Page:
A cheeseboard is an elegant way to round off a meal. However, the pitfalls of etiquette, selection and presentation have left more than one brave host to sigh and reach instead for the profiteroles.

So how do you serve a cheeseboard?

Cheeseboard Selection

The worst thing to do is under-cater. There is no sadder sight than a group of friends, carefully rationing out the brie like some middle-class castaways on some dessert island.

Go for about 150g of cheese per person. I know this seems excessive compared to some other guides – but there are worse problems to have than leftover cheese.

We’ve touched on quantity, now for the fun part; buying your cheese! When picking your cheeses, remember – you’re not opening a deli. Pick a few interesting cheeses you think your guests will enjoy. If you know one of your guests is especially partial to goats cheese, it’s a nice gesture to pick them up a wedge.

Pick at least one type of cheese from each category. As a rule, a minimum of four and a maximum of six cheeses will do the job well.

Familiar – These are the classics. Ones your friend’s boring partner will still enjoy. Cheddar, Red Leicester, Edam – you know the drill.

Soft – Your spreadable cheeses. Goats cheese if you’re feeling adventurous, Brie as a more conservative offering. Wensleydale isn’t a soft cheese as such but I feel it is well worth a mention. Particularly the cranberry and the apricot offerings.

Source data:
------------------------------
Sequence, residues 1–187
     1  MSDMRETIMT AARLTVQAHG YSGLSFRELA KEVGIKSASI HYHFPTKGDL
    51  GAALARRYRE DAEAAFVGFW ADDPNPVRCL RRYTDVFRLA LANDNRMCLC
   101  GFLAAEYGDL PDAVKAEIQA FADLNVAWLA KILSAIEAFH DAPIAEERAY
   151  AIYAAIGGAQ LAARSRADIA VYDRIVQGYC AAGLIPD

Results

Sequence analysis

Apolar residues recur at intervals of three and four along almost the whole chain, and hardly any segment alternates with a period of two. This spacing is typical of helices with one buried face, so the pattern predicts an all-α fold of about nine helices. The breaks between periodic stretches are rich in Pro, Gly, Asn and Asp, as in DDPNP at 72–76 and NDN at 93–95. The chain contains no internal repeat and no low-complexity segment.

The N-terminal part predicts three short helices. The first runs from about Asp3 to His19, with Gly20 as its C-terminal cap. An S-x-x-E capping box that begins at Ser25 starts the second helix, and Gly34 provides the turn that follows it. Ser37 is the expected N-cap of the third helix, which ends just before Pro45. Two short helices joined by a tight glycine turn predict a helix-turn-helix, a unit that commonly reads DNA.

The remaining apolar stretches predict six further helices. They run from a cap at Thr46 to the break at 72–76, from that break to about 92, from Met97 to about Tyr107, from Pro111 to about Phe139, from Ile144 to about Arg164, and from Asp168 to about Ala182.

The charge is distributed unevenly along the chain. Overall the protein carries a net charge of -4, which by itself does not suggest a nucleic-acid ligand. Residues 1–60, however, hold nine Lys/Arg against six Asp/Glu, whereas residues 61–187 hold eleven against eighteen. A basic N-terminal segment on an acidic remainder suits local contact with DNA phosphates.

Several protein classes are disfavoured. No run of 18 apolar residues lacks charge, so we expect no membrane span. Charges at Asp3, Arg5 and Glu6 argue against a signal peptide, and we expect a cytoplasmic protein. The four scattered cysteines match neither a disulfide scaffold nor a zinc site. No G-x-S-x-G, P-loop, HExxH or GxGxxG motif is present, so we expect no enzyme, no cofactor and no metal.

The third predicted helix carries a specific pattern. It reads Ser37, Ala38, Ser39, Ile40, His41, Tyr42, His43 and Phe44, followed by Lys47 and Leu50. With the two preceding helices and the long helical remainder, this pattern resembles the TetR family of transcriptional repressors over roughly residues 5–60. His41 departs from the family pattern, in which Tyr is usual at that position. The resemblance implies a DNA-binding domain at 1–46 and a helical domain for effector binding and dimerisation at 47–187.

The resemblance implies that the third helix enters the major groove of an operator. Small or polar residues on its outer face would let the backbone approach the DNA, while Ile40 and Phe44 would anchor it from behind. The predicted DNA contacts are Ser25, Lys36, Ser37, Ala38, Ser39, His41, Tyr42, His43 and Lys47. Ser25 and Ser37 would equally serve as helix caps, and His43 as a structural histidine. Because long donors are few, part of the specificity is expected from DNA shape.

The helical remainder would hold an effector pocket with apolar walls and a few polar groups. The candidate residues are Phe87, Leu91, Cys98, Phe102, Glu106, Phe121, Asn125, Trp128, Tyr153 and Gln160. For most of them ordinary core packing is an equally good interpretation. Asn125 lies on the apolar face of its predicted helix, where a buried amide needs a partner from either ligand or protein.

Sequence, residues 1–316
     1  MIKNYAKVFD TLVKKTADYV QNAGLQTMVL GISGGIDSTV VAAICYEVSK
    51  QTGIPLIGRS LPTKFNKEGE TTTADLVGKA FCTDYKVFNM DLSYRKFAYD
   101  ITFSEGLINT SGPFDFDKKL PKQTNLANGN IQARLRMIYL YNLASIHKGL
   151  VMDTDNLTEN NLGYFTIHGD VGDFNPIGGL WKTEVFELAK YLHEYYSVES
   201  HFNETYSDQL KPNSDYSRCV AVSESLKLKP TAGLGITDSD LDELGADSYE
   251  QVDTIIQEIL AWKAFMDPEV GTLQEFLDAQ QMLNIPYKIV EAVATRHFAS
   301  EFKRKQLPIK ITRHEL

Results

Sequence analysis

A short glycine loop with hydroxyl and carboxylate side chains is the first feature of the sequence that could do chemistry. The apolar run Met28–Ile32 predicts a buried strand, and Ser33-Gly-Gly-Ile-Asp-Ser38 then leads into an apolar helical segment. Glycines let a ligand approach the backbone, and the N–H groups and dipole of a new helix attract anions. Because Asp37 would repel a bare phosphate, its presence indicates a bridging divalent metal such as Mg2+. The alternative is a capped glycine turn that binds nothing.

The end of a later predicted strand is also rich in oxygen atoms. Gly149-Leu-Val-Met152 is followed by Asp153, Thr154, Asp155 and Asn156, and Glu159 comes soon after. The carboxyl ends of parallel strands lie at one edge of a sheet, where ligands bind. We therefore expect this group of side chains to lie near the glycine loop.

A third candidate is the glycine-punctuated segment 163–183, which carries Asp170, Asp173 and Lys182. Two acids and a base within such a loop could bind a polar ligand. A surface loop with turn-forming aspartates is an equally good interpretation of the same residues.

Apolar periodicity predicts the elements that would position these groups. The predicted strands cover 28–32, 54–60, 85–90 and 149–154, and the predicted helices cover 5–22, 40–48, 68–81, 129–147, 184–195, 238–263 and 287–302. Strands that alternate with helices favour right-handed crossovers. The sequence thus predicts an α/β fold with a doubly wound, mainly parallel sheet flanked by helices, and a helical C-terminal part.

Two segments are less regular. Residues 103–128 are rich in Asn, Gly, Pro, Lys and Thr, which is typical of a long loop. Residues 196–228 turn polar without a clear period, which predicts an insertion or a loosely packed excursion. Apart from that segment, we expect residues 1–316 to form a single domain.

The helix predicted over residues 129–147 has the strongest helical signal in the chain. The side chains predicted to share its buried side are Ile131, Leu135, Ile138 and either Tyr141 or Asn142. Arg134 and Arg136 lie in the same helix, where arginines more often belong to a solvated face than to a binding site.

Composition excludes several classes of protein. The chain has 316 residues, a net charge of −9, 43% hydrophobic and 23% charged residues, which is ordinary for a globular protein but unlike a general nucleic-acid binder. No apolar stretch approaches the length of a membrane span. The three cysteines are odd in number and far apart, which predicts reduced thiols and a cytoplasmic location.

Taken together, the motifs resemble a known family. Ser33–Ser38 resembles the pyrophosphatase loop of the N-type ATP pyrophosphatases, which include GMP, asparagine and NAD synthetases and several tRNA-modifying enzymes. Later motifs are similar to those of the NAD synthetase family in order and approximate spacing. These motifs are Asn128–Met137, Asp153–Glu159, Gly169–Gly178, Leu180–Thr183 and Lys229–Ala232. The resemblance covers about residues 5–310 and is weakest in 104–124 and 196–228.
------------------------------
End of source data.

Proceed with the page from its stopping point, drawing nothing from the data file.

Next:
Blue – Ah! Mouldy cheese – one of life’s great acquired tastes. Stilton is a classic. Like Cheddar, it’s a cheese where it’s well worth spending the extra money on quality. Other options include Shropshire blue or my own personal favourite, Roquefort.

The Wild Card – This is your chance to show some flare and creativity. Pick something you haven’t tried before. It’s a great conversation starter and a smashing way to find a new favourite. Try ewe’s cheese or something herby for a bit of excitement.

Cheeseboard Presentation

Take the cheese out the fridge and let it rest on the board for about an hour before serving. This will give the cheese some time to breathe and to let the flavours manifest properly. Cheese straight from the fridge loses a lot of flavour, so do your guests a favour and let it sit for a while.

A proper cheese slate is ideal, but failing that, your nicest bread board will do. Make sure you have separate knives for each of the cheeses.

Pair the cheeses with fruit, chutneys, and biscuits of complimenting flavours. If you don’t know which biscuits to buy, go for the box that says “biscuits for cheese” on it.


When eating cheese, go from mildest to strongest. Build your way up to the eye wateringly veiny stilton. Talk and share your views on the cheese – it’s part of the fun. Don’t be afraid to pair fruit and savouries with the cheese to discover new flavour combinations. Try some stilton spread on half a grape, or a sliver of cheddar on a piece of apple.

Happy cheese eating!

Written By Jack Shannon

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